What is Coin Grading?

Developing a working knowledge in the art of coin grading is one of the first and foremost steps in becoming a learned numismatist and successful rare coin buyer.  Exactly what is coin grading, and why is this important?

Think of it this way: For the prospective collector to discount the criticality of grading is the same as a baseball player expecting to hit a home run without first learning how to hold a bat.  Both scenarios will most likely result in a strike out.

What is coin grading? As you will see, it is a critical skill in the world of coin collecting.
Coin grading is more art than science and requires time, study, and practice to master. While it may not be necessary to function at the level of a professional, learning the fundamentals of grading is a major step toward becoming a prosperous collector. Image by American Numismatic Association .

“Coin Grade” is an expression used to indicate the amount of wear-and-tear a coin has received over its lifetime.  A coin that circulated for many years likely displays heavy wear and deterioration, with much of its detail rubbed off from handling by thousands of people and other actions.

Opposite of that, a coin that never saw the light of day may be perfectly preserved in like-new condition, still possessing most of the same qualities it did as on the day it was minted.

Another way of thinking about it is that a coin's grade is a measure of how well its surface has been preserved.

Coin grading also may take into consideration the strike boldness, mint luster, surface reflectivity, eye appeal, and color of a coin (applicable to copper coins).

This 1794 silver dollar is thought to be the very first silver dollar produced by the United States.  It's rareness and historical notoriety make it one of the most valuable coins in the world.
Speaking about a coin never seeing the light of day… this 1794 Flowing Hair silver dollar is thought to be the very first dollar minted by the United States.(1) The strike is sharp and the fields have proof-like surfaces, clues that it was an early die strike on a special blank. No other 1794 dollars have these qualities. From the moment of its creation, this dollar received tender care and today rates SP-66 on the grading scale (SP is for Specimen, alluding to its uniqueness). All 1794 dollars are rare, but the condition and historical notoriety of this coin make it extremely valuable, last selling in 2013 for $10 million.(2) Images by Stack's Bowers Galleries.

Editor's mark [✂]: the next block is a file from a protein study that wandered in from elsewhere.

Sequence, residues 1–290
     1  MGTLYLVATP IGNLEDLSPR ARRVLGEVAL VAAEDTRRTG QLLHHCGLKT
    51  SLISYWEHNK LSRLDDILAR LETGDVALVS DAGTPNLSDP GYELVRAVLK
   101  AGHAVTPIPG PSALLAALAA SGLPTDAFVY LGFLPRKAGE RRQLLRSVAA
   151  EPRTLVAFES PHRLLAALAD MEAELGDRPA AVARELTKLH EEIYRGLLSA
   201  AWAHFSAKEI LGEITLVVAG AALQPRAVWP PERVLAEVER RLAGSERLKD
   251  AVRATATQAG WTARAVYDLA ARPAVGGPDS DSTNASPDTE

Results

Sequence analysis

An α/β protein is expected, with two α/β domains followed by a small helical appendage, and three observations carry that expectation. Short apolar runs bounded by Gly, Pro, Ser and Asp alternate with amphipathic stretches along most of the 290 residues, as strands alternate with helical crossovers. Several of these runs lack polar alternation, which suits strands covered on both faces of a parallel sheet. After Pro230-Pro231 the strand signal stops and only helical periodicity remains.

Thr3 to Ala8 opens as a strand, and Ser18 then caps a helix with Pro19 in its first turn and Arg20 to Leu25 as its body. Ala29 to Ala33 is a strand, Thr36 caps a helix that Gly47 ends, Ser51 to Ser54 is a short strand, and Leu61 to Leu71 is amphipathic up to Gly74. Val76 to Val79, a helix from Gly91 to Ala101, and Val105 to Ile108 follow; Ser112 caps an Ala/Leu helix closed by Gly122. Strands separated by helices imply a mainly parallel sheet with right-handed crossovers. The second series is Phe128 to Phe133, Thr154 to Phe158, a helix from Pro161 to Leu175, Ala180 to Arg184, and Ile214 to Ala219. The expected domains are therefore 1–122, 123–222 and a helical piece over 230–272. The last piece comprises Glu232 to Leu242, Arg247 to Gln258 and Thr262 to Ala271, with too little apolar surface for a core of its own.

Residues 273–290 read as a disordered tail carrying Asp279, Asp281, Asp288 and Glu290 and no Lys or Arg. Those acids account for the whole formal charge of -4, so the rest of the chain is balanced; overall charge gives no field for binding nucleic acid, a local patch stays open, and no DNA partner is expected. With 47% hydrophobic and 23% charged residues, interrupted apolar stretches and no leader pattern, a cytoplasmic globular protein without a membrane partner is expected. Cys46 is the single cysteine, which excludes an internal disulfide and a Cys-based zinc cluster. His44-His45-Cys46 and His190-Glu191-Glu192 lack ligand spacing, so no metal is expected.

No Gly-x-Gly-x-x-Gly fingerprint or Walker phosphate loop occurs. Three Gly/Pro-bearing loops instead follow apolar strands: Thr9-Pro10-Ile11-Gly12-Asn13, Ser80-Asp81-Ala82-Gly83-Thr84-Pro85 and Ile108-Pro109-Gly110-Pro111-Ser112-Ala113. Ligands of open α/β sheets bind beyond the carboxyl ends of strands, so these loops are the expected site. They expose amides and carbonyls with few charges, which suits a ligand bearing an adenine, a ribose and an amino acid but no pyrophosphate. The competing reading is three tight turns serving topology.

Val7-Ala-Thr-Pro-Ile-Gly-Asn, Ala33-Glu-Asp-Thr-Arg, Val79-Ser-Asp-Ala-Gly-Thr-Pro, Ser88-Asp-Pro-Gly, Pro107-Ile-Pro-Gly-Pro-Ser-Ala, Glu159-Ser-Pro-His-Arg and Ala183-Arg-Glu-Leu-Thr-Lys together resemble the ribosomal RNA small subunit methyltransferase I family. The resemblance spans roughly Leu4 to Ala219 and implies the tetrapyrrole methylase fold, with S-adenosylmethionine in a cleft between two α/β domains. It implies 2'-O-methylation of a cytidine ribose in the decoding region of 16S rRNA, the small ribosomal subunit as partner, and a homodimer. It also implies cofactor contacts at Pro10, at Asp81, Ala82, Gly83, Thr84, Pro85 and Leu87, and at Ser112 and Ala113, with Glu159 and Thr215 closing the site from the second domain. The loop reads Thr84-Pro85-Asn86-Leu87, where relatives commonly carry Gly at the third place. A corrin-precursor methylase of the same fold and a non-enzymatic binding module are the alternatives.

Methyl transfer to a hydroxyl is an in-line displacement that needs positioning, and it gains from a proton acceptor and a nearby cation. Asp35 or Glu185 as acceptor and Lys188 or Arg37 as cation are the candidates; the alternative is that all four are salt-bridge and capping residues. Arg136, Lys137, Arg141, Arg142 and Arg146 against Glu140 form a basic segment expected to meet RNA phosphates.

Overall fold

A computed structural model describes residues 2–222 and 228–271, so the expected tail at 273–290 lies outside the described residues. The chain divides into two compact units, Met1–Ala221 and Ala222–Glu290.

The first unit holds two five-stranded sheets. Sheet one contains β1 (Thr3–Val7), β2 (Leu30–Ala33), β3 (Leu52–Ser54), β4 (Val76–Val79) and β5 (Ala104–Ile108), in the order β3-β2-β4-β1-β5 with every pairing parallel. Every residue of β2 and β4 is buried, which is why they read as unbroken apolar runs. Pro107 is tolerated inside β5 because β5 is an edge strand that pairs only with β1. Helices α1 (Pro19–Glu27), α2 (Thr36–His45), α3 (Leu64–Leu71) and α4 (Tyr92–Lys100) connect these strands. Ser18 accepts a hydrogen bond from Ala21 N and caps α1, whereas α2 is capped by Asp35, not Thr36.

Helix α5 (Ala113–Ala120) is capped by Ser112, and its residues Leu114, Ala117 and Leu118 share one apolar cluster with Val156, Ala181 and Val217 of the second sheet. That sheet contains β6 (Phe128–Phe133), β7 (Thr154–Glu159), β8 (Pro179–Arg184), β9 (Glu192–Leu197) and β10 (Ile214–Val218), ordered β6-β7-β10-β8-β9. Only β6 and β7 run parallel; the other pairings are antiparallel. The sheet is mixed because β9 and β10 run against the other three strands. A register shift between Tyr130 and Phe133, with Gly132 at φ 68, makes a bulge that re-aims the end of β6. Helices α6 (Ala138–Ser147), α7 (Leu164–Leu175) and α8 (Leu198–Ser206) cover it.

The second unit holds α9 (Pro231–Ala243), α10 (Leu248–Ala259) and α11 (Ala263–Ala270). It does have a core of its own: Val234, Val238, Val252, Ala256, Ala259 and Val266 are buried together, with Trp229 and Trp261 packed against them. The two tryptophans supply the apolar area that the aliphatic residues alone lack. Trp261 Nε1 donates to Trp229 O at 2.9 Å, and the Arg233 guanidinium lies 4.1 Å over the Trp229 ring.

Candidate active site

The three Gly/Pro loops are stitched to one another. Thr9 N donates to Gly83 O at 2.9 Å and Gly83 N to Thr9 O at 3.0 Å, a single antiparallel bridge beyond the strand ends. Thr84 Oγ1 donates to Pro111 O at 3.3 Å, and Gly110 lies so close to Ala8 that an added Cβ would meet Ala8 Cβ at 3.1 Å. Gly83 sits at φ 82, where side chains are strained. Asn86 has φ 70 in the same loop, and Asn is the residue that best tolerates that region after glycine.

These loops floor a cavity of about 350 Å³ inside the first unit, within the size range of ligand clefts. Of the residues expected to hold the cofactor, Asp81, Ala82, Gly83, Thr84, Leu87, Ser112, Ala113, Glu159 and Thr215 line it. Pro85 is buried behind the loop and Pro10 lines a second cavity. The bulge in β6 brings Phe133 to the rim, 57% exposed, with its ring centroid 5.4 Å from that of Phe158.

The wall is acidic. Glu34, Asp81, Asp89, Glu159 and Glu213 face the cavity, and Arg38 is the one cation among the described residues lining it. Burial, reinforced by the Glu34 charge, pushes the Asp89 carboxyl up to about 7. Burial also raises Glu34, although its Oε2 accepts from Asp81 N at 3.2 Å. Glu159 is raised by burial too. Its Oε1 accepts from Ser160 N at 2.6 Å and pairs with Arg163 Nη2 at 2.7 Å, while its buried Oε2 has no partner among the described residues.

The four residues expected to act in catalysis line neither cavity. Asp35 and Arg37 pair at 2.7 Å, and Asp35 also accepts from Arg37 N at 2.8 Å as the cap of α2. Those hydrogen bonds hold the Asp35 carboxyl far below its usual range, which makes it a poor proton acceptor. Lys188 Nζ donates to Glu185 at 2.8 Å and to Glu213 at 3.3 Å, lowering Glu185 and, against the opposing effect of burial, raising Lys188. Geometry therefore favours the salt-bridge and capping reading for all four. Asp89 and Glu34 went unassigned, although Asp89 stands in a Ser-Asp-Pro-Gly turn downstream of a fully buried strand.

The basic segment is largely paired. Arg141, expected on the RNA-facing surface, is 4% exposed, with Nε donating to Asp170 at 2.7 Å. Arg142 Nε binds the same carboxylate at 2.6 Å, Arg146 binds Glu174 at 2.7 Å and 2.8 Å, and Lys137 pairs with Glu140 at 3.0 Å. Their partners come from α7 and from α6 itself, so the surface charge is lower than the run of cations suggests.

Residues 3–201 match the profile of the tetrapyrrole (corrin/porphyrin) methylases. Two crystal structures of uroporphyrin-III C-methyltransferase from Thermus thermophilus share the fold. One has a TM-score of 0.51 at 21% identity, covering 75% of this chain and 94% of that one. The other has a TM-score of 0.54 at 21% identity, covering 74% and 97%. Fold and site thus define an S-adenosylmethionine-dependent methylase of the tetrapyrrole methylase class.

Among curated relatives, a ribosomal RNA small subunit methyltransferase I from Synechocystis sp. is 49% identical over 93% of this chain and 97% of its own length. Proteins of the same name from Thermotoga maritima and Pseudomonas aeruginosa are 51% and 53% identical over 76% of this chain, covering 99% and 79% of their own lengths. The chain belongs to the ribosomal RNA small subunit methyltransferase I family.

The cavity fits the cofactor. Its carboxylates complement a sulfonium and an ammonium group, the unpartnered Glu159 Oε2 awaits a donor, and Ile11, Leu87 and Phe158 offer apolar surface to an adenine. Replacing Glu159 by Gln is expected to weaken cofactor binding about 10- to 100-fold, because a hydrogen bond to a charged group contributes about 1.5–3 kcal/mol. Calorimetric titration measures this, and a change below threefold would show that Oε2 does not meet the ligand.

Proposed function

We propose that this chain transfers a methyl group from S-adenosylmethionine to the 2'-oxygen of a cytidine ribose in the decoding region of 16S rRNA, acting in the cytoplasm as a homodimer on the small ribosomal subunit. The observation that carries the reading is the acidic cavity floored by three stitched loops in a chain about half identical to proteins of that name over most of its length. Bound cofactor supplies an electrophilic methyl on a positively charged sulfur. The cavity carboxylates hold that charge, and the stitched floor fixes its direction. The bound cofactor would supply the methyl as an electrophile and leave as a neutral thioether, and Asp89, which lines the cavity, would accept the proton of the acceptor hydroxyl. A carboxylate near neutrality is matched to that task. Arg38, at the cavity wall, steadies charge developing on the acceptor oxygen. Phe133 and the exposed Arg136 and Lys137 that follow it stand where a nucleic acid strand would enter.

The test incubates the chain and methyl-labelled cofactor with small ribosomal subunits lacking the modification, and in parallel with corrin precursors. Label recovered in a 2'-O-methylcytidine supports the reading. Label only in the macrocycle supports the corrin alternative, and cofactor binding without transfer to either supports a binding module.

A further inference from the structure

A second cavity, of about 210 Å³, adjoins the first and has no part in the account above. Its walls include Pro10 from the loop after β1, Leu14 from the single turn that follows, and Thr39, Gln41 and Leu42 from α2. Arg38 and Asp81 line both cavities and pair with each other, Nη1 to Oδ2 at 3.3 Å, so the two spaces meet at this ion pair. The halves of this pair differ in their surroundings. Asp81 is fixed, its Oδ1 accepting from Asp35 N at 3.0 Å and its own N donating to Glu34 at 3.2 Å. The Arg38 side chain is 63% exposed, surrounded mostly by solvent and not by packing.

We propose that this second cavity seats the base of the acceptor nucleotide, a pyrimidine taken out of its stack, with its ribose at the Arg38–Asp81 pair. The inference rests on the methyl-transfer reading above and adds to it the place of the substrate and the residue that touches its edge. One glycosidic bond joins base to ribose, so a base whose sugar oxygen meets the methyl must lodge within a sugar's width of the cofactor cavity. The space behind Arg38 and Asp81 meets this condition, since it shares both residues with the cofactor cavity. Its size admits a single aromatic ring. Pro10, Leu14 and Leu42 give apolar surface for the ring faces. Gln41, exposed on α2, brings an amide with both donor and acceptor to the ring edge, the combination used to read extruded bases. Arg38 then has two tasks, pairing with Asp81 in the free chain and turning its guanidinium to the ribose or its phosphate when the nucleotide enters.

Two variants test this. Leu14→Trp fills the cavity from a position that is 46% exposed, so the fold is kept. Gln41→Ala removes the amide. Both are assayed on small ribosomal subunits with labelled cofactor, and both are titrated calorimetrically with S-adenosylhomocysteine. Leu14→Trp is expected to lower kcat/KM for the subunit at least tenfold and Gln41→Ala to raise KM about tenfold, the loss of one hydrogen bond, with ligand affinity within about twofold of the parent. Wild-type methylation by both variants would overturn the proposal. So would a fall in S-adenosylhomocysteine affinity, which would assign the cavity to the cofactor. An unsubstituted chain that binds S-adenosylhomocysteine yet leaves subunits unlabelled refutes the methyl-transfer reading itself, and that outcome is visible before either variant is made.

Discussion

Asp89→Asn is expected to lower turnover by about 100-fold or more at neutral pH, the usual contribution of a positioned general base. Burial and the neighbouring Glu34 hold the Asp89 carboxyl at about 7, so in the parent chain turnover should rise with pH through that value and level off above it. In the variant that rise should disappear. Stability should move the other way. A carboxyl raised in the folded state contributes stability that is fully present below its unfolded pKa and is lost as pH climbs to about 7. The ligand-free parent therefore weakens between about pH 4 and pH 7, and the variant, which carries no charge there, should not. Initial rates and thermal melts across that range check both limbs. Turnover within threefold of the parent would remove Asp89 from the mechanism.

The grade is important because after rarity and demand, it is the most important factor determining the value of a coin. Generally speaking, the higher the grade of a coin, the greater its value.

Ken Bressett, former president of the American Numismatic Association (ANA) and “godfather” of the Redbook (a.k.a. “Guidebook of United States Coins”), had this to say about grading:

“Grading is really very simple.  All you need is four things: a good magnifying lens, a good light, a good memory, and 20 years of experience.”

Happily, even the novice coin collector, through diligent studying and practice, can develop enough skill and confidence to approximate the proper grade of most coins much sooner than 20 years.  While it takes talent and years of involvement to acquire the mastery of a professional, it's possible to become a semi-versed coin grader in the relative short term. 

The material that follows is not intended to be a substitute for a comprehensive training course in coin grading.  It does, however, dip a toe into the pool by covering the coin grading basics and why this topic is crucial to your goals as a rare coin “stakeholder.”  The ultimate objective here is to whet your appetite to learn more!

Use the links directly below to navigate the "What is Coin Grading?" section:

All the chapters referenced above are accessible from any other chapter in this section.  Thus, no need to return to this Introductory page to link to other chapters.

Coin grading can seem like a perplexing maze.  It may seem that way, but there is plenty of friendly help available, so you too can find the path through the maze.
If you're new to coin grading, it may feel as if you're about to enter a perplexing maze (that's because you are!). Just remember, you don’t need to learn everything all at once. Becoming proficient at the basics is an attainable goal. From there, build upon that at your own pace. Unlike poor Algernon, you have plenty of friendly help available as you find the path through the maze. Image by Shutterstock.